Background: Recently, the perl based system I am responsible for had a production issue when new code was being rolled out. It is our desire to never fully crash due to some state information that would be lost that is too transient to effectively serialize to disk with any level of efficiency. It was decided to simply increase the amount of exception handling within the core routines, so even if an issue was encountered, it could be isolated, and even repaired while the system remained running. We have full regression and unit tests for our system, which posed an interesting problem for me. How do you run your production code, and verify that it can handle any part of it's code throwing an exception, without breaking any test after this one will run (and not modifying the code BEFORE the test is run). The solution that I came up with, is grounded in the flexibility of our testing framework, so I welcome any alternative solutions, just understand that I'm not filling you in on all the constraints I'm working within. Here is a code snippet to illustrate the approach I took. (keep in mind that I understand that the "eval" is not needed, I built this test to try and more accurately model my system specifically)
#!/usr/bin/perl package test_package; use strict; use warnings; sub new { return bless {}; } sub test_function { print "Original test_function! $_[1]\n"; } sub loader { eval($_[1]); warn "ERROR: $@\n" if ( $@ ); } package main; use strict; use warnings; my $counter = 0; my $f = new test_package(); $f->test_function($counter++); # 1 # "backup" the test_function method $f->loader('*test_package::new_test_function = \&test_package::test_fu +nction;'); $f->new_test_function($counter++); # Overwrite the existing "test_function" subroutine $f->loader("package test_package; sub test_function { print \"New outp +ut! \$_[1]\n\"; } 1;"); # Should see two different outputs $f->test_function($counter++); $f->new_test_function($counter++); # "Restore" the test function from it's "backup" $f->loader("*test_package::test_function = *test_package::new_test_fun +ction;"); $f->test_function($counter++);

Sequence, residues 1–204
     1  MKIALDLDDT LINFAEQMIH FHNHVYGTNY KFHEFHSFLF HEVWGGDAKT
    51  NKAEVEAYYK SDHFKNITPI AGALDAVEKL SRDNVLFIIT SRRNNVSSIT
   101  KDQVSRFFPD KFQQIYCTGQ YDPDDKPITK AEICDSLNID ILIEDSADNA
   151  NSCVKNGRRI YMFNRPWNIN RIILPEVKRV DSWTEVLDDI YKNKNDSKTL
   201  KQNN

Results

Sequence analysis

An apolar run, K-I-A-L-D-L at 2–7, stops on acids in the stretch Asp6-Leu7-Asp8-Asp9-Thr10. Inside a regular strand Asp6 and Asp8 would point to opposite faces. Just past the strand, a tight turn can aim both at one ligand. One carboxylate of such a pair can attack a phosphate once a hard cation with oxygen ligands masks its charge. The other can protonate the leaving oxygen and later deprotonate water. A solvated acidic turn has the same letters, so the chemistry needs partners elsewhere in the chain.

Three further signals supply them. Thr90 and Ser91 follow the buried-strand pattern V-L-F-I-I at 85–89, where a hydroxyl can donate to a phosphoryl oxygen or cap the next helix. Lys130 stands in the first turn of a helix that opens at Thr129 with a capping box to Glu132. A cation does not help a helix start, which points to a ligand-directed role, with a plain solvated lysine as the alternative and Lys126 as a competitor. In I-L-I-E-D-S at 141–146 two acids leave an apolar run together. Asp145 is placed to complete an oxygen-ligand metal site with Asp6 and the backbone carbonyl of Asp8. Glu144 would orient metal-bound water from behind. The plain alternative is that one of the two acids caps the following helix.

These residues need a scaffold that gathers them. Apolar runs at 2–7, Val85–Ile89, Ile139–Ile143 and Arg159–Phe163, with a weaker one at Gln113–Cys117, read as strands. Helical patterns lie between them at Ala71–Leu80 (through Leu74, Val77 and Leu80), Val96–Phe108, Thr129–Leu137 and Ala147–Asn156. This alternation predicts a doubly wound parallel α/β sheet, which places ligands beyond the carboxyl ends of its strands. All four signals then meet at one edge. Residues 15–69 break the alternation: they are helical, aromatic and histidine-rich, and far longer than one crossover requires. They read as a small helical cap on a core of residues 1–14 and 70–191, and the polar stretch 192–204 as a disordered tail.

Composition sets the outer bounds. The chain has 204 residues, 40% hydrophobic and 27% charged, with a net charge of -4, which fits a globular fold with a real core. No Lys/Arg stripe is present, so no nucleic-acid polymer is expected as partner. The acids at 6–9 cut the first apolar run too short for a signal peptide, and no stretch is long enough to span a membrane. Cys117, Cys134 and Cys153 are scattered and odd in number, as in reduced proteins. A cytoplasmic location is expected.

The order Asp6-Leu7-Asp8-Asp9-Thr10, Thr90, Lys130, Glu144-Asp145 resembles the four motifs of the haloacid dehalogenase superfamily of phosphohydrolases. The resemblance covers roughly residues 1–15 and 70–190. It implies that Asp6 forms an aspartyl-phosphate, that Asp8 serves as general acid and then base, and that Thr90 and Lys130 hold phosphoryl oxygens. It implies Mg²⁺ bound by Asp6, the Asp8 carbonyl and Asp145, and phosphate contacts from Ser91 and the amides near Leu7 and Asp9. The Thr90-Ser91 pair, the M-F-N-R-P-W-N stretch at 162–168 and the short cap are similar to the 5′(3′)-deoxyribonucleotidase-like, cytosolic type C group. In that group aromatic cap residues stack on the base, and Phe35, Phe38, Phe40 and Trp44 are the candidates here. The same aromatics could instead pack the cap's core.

The output looks like this:
Original test_function! 0 Original test_function! 1 Subroutine test_function redefined at (eval 2) line 1. New output! 2 Original test_function! 3 Original test_function! 4
Using this approach allowed me to do the following: All in all, this approach worked for me, and although it may be common knowledge to some, it wasn't something I found documented on the web, or even within perlmonks. I hope it comes in useful in the future.